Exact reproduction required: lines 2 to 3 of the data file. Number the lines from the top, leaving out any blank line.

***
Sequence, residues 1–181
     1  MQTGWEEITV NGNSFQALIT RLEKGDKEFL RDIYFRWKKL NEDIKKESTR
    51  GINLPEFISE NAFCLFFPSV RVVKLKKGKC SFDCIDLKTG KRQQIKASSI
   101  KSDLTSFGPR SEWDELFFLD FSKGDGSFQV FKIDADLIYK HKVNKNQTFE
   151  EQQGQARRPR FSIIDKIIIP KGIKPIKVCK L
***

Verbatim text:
     1  MQTGWEEITV NGNSFQALIT RLEKGDKEFL RDIYFRWKKL NEDIKKESTR
    51  GINLPEFISE NAFCLFFPSV RVVKLKKGKC SFDCIDLKTG KRQQIKASSI